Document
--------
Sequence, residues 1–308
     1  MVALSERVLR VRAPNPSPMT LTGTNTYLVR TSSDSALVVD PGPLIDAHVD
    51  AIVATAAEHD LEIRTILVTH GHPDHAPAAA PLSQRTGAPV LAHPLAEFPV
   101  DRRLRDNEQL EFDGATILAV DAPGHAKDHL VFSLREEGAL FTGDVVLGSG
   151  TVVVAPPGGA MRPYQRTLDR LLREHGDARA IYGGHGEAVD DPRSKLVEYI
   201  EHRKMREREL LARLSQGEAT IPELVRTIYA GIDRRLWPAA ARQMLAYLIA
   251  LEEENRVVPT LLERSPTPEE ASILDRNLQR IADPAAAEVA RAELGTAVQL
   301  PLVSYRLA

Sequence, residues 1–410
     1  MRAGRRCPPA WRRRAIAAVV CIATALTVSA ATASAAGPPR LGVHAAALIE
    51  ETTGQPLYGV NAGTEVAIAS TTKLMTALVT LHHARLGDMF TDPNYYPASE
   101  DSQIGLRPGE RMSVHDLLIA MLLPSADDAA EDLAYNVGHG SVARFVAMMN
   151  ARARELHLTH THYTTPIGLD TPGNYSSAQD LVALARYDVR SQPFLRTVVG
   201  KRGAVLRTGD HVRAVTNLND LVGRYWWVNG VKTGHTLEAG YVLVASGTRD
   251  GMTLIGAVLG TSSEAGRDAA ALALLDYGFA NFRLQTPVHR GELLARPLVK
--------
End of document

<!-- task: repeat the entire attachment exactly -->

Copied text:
Sequence, residues 1–308
     1  MVALSERVLR VRAPNPSPMT LTGTNTYLVR TSSDSALVVD PGPLIDAHVD
    51  AIVATAAEHD LEIRTILVTH GHPDHAPAAA PLSQRTGAPV LAHPLAEFPV
   101  DRRLRDNEQL EFDGATILAV DAPGHAKDHL VFSLREEGAL FTGDVVLGSG
   151  TVVVAPPGGA MRPYQRTLDR LLREHGDARA IYGGHGEAVD DPRSKLVEYI
   201  EHRKMREREL LARLSQGEAT IPELVRTIYA GIDRRLWPAA ARQMLAYLIA
   251  LEEENRVVPT LLERSPTPEE ASILDRNLQR IADPAAAEVA RAELGTAVQL
   301  PLVSYRLA

Sequence, residues 1–410
     1  MRAGRRCPPA WRRRAIAAVV CIATALTVSA ATASAAGPPR LGVHAAALIE
    51  ETTGQPLYGV NAGTEVAIAS TTKLMTALVT LHHARLGDMF TDPNYYPASE
   101  DSQIGLRPGE RMSVHDLLIA MLLPSADDAA EDLAYNVGHG SVARFVAMMN
   151  ARARELHLTH THYTTPIGLD TPGNYSSAQD LVALARYDVR SQPFLRTVVG
   201  KRGAVLRTGD HVRAVTNLND LVGRYWWVNG VKTGHTLEAG YVLVASGTRD
   251  GMTLIGAVLG TSSEAGRDAA ALALLDYGFA NFRLQTPVHR GELLARPLVK